• Street maintenance. Will budgetary cutbacks result in unplowed snow and unfilled potholes in the streets customers use to access your business?
  • Police and fire response times. Is the town about to reduce funding, resulting in lengthened response times to fires and robberies at businesses such as yours?
  • Public facilities. Is a decision being made about the location for a new public parking garage that might bring scores of new customers to lucky nearby businesses?
You get the picture. Now how can you influence decisions such as these?

All Politics Are Personal

Networking is a powerful tool for influencing local laws.

“It’s important to be connected and know people when things are in the works, so your business has a seat at the planning table,” says Washington state Sen. Don Benton, who is also founder and CEO of The Benton Group, a marketing agency in Vancouver.

Consider forming relationships with your town mayor, manager, city council or city board members. Don’t overlook your county officials who can influence zoning and the locations of landfills and public parks. These personal relationships will result in advance notices on important town matters.

“If you have your local official’s ear you can get a lot done,” says Ron Fuller, a professional lobbyist in Little Rock, Ark. “Chances are if they become a friend of yours, they will have you and your business in their mind when something comes up.”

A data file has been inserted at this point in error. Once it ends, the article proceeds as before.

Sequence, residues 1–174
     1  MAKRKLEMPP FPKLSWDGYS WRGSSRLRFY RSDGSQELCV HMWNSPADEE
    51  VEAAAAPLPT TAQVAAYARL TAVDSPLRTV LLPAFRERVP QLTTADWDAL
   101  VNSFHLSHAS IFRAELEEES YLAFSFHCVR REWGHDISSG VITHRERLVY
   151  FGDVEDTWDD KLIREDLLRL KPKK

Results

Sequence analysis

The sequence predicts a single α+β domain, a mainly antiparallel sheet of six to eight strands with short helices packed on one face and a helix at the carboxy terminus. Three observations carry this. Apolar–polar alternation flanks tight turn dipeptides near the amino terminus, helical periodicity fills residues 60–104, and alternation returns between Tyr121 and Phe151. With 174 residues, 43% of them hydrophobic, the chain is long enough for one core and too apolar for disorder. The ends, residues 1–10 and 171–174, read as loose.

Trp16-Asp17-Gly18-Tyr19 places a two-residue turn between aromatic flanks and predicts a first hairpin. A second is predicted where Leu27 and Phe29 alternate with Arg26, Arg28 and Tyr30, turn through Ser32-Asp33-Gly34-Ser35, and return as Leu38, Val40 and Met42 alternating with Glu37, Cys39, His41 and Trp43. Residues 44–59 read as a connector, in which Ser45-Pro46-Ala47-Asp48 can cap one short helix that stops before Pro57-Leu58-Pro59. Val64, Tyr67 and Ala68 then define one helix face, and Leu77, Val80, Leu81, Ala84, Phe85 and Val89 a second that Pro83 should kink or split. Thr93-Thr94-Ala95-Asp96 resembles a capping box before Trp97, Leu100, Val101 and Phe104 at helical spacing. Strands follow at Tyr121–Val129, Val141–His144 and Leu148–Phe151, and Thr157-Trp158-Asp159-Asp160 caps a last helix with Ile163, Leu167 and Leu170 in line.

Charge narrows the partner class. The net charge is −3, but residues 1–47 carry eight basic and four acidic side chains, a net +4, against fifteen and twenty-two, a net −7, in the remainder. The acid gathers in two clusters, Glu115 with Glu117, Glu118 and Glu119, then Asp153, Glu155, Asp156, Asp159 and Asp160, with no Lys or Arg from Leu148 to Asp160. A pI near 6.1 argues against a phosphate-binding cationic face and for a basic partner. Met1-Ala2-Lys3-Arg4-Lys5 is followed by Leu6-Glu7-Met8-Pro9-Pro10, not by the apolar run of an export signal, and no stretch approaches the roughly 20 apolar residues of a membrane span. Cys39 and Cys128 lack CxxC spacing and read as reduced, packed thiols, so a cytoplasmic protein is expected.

So how do you meet these people? Attend town meetings and introduce yourself. Invite the individuals to visit your business or meet them for a cup of coffee and a chat.

You can also invite a city official to lunch. One warning, though: Buying a politician anything more than a coffee might look like undue influence.

“A lunch invitation could be construed by some to be a bribe,” warns former mayor Arnold. “If you do set up a luncheon date, make it clear in advance that it will be Dutch treat.”

Here’s another way to raise your profile: Donate. Politicians will remember your name when you call
to voice an opinion on an issue.

“In smaller cities a board race budget can be as little as $25,000 or even less. So a $100 contribution can
make a difference,” says lobbyist Fuller.